IT outsourcing year in review: Grading our predictions

By Stephanie Overby, CIO |  IT Management, outsourcing

"However," adds Zahler, "this is not because they are misreading client objectives, but because for the most part outsourcing providers have not been able to deliver any meaningful process improvement and innovation."

Some outsourcers did begin offering more flexible terms, says Filippone of HfS Research. "And maybe this is all that buyers really wanted in the first place."

Global Companies Seek Global Support Beyond India

Dispersing the outsourcing portfolio among several geographies is now considered a best practice, whether to reduce geopolitical risk, access new skills or diversity operations. "India no longer is the low-cost location for certain types of services," says Zahler of Pillsbury. "Almost every presentation from a global outsourcing service provider begins with a slide or two identifying their numerous offshore facilities located around the world and the substantial telecommunications network they have developed tying all these delivery centers together in some 'seamless' fashion."

[ Related: U.S. Beats India for IT Outsourcing Innovation and Understanding ]

But that strategy has come at a price as newer delivery centers require more mature vendor governance and costly integration.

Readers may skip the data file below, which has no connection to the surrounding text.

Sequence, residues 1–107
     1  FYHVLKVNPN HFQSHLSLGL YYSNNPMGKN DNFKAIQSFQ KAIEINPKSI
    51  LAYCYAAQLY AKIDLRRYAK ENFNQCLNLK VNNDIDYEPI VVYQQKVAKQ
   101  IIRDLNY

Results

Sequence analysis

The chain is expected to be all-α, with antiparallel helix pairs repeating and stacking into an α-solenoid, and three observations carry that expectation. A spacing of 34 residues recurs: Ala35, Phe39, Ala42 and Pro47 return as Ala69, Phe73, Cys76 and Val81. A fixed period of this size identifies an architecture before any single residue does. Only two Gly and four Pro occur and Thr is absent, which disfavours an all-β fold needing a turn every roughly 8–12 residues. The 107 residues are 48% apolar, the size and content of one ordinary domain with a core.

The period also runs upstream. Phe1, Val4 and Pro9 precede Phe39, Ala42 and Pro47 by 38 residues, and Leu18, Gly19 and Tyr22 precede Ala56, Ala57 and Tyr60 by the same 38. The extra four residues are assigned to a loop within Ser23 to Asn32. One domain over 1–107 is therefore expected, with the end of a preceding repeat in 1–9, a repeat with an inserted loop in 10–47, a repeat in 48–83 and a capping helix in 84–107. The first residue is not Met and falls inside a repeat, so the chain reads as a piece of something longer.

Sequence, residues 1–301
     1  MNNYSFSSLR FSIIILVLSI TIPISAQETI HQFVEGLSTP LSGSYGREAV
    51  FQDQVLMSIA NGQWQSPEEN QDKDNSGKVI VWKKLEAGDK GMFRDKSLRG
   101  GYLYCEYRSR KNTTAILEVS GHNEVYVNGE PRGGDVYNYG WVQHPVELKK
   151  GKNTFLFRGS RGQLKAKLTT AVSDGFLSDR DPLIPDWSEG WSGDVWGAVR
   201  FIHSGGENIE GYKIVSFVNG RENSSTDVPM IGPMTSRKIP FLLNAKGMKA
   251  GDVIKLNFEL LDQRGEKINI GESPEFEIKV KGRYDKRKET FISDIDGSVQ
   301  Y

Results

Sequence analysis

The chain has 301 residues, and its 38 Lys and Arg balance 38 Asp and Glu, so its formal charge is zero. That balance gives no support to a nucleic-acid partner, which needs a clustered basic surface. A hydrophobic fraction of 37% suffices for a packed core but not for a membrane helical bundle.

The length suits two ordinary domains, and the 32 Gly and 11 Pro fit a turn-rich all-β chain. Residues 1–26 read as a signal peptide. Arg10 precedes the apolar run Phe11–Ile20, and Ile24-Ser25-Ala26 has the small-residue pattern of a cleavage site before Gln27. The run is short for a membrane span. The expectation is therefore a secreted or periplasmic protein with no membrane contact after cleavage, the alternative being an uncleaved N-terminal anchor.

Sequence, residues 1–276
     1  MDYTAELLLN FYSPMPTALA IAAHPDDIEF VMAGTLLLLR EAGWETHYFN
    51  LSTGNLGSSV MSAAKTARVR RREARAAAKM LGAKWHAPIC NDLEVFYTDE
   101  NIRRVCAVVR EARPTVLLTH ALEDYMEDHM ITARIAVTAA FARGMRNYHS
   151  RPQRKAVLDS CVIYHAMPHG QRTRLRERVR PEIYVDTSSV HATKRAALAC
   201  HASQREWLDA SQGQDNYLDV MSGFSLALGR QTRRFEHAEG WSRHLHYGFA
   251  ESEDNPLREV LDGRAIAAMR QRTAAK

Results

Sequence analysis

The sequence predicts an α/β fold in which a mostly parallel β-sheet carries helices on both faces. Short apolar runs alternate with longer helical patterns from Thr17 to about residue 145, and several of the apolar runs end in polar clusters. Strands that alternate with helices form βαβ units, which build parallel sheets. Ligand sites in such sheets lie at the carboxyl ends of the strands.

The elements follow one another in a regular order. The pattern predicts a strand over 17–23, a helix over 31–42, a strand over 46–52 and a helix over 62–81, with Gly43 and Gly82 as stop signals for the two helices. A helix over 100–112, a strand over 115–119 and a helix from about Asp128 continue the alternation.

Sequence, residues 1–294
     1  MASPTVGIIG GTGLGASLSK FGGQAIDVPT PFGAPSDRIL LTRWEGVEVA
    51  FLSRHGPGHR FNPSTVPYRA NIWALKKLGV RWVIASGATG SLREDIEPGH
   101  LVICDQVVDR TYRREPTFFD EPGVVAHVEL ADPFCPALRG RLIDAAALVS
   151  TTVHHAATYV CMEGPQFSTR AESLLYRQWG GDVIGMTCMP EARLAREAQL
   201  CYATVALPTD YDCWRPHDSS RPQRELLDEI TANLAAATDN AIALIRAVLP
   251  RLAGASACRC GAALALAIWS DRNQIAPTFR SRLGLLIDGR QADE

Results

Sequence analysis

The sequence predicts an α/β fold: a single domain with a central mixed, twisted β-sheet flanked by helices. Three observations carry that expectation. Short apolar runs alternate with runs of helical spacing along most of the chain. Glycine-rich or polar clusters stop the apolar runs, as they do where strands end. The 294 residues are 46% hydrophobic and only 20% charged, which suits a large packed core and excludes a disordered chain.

Nonetheless, points out Pace Harmon's Rutchik, India still holds the majority of the offshore outsourcing market due to is scale, resources, capabilities, and infrastructure.

Off the Mark

The Cloud Comes Down to Earth

Decreased buzz around cloud computing? Hardly. "The hype about cloud computing has not abated; if anything, it has increased," says Pillsbury's Zahler. "Suppliers continue to make a good case that cloud computing does not increase security risks and that meaningful savings can be achieved." Adoption rates, however, may have been more sluggish than expected as the enterprise were slow to establish corporate policies and procedures related to cloud, regulatory questions about privacy and security continued, and big-name cloud providers suffered very public outages.

"Customers will likely continue to identify areas where cloud benefits outweigh cloud risks as economic uncertainty will magnify the cloud benefits," says Jason Krieser, partner with the law firm K&L Gates.

IT Offshore Providers Take Over Infrastructure Outsourcing


Originally published on CIO |  Click here to read the original story.
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